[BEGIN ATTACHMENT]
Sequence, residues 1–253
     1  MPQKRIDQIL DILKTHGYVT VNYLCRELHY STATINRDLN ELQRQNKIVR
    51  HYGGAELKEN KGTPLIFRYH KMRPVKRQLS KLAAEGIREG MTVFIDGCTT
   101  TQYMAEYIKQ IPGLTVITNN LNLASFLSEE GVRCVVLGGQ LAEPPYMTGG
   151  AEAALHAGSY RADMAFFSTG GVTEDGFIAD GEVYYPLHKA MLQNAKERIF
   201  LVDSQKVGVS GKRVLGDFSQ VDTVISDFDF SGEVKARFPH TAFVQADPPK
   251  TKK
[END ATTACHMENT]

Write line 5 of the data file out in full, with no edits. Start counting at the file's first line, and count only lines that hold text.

   151  AEAALHAGSY RADMAFFSTG GVTEDGFIAD GEVYYPLHKA MLQNAKERIF